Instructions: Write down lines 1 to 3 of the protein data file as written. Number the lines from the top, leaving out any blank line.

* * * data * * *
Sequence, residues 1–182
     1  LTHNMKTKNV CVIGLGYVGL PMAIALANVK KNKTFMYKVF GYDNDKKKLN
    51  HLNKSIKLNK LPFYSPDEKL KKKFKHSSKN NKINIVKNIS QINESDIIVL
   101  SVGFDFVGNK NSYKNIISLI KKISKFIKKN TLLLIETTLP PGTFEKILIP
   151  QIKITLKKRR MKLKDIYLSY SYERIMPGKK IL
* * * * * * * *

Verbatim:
Sequence, residues 1–182
     1  LTHNMKTKNV CVIGLGYVGL PMAIALANVK KNKTFMYKVF GYDNDKKKLN
    51  HLNKSIKLNK LPFYSPDEKL KKKFKHSSKN NKINIVKNIS QINESDIIVL